Another thing you can do is set slug traps around your garden, which will attract them.
This organic slug control is really effective. Some low jars, buried up to the tops and filled with
any kind of beer will attract slugs and snails, instead of to your plants.The slugs will drown in the beer. Not very appetizing but effective!
You can prevent dilution by propping up a lid over the opening, leaving enough room for them to enter easily. This method you have to check on regularly, and flat beer works a little better.
Another cheap and good way to get rid of slugs is by sprinkling coffee grounds around your garden, especially around plants that are more attractive to snails and garden slugs.
The grounds will dry out in the sun, and the slugs don't like to crawl over them. Using a wide, shallow method is the best.
Another way to help with natural slug control is with slug and snail barriers. There are so many different kinds of barriers that this alone could fill up volumes, but here are a couple of simple barriers to choose from.
Oak and Cedar bark will make a great barrier, as well as any rough gravel.
You can even use powdered ginger, if you keep replacing it when it
rains. You can also use cedar shingles, which are fairly cheap to buy,
and use them as a low 'fence' around your garden. Other options are crushed egg shells or wood ash from your fire.
You can also use copper slug tape because the metal repels them quite effectively.
Important with this method is that you try to catch or collect all the slugs that are inside the barrier! You can use the beer traps or put down wooden boards. Lift the boards in the morning and collect all the slimies that are hiding under them.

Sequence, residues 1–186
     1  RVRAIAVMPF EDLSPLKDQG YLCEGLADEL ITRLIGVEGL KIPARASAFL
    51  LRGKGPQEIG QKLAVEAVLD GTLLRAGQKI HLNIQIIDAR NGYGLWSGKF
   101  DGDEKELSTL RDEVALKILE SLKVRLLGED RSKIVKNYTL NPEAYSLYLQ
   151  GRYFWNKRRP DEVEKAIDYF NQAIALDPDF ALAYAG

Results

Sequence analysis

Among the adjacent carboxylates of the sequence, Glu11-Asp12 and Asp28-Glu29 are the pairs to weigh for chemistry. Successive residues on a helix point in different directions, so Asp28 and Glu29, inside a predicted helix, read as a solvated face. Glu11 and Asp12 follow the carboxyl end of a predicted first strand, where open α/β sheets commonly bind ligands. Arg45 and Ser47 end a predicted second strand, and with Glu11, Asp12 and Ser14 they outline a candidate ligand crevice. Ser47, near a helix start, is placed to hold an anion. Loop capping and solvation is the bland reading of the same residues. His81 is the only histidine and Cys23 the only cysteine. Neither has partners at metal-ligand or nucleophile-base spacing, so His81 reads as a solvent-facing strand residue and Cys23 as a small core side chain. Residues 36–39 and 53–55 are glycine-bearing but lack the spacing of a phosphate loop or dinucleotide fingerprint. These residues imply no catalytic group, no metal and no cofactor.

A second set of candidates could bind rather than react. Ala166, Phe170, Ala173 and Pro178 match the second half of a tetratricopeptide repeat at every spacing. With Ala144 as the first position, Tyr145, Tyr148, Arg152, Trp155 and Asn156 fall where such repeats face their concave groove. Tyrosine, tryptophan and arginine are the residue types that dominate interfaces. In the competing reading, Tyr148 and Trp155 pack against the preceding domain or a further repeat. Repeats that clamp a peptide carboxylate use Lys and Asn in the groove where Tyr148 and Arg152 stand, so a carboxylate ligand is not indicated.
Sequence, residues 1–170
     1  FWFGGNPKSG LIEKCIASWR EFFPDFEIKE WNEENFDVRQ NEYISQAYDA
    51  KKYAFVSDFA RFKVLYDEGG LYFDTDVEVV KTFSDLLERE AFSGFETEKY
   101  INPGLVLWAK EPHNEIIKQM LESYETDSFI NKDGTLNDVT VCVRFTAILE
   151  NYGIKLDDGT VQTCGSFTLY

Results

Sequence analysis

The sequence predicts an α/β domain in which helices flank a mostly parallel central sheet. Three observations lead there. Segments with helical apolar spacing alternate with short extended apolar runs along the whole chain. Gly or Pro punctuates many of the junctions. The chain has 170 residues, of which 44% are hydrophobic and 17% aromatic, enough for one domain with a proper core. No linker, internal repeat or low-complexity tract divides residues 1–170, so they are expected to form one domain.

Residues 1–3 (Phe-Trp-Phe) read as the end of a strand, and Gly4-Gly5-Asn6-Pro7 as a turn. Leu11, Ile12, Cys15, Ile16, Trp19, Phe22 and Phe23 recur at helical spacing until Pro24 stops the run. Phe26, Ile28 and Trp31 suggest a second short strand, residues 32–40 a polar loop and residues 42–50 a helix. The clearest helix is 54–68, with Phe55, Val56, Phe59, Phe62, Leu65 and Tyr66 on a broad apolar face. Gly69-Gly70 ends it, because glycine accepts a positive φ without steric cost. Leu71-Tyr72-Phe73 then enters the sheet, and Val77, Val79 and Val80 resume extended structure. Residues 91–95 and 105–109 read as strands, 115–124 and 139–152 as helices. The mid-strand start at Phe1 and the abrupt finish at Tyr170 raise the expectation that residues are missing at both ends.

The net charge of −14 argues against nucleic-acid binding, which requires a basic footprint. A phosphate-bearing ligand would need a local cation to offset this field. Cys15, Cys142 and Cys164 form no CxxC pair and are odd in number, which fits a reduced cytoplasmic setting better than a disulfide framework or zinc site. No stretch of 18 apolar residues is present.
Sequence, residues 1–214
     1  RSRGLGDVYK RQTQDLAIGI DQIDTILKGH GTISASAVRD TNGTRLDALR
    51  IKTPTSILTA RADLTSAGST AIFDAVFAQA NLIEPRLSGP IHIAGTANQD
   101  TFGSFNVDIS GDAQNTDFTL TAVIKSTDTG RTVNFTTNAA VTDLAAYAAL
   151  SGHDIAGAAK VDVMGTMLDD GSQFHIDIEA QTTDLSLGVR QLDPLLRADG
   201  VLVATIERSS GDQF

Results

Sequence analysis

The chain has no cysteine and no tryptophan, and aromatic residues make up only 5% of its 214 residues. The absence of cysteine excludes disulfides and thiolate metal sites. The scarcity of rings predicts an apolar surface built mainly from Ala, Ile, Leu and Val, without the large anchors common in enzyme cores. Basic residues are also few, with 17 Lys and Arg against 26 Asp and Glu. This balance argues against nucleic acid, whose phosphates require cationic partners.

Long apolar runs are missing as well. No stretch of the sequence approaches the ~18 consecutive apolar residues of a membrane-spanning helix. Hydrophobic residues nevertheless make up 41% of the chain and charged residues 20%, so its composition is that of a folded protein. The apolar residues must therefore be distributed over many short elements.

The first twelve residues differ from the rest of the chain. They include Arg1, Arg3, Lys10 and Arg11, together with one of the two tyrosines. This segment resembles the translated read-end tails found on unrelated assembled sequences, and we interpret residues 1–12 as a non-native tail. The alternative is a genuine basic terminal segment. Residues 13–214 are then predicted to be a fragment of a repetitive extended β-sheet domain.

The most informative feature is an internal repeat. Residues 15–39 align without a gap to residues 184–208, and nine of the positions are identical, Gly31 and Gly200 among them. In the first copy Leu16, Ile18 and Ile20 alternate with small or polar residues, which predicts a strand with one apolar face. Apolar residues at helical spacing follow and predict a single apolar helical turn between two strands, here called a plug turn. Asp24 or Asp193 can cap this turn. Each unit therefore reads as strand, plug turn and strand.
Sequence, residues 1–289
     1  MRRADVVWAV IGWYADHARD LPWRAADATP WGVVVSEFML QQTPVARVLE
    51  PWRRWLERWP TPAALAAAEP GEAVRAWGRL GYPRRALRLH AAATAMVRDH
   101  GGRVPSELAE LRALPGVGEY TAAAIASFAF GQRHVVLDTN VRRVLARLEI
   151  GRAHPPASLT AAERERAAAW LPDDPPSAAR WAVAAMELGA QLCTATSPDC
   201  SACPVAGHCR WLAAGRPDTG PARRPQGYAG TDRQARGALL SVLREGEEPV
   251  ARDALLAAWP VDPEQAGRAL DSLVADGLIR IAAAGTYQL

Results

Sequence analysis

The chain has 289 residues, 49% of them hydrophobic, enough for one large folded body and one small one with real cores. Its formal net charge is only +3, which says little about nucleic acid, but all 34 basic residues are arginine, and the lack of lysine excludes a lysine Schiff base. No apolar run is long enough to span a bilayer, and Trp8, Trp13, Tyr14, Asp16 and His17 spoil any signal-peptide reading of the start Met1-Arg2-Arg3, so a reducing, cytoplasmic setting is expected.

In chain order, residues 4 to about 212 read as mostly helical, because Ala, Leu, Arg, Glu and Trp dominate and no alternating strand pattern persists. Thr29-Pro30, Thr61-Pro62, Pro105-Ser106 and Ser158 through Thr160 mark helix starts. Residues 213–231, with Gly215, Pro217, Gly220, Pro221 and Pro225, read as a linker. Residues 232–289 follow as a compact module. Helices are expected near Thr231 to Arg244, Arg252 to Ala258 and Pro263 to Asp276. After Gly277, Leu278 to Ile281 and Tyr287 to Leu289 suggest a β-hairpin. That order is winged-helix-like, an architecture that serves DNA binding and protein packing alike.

If you want, there are also different herbs that can be grown in your garden to help with organic slug control. The need to be strong aromatic herbs, like wormwood, lemon balm, or tansy.
The mint family is also effective, but this is a bully herb, and its root system likes to take over and dominate all your other growing plants.
You can also use diatomaceous earth to help with natural slug control. This is actually the jagged and sharp skeletons of microscopic creatures, which will cut up slugs and snails, causing them to dry out. You can buy it in a granulated form and sprinkle it in and around your garden.
There are some thing of importance to note about using this method. One is that it is the most effective in dry weather, and because it can be irritating to the lungs and eyes, protective gear should be worn when applying it to your garden.
There are two different grades of diatomaceous earth, you want the agricultural grade, which is coarser than pool grade. You can find this at many lawn and garden stores in your area or here on Amazon.
I want to show you how to grow lettuce even if you don't have a garden for growing vegetables!
Garden Cress indoors is one of the simplest things to grow. Grow cress on your window sill during the winter and boost your immune system with lots of Vitamin C from this easy to grow culinary herb!
Check out the November 2017 issue of the 'Homestead Gardener' Digital Magazine for organic gardening tips, permaculture and self-sufficiency.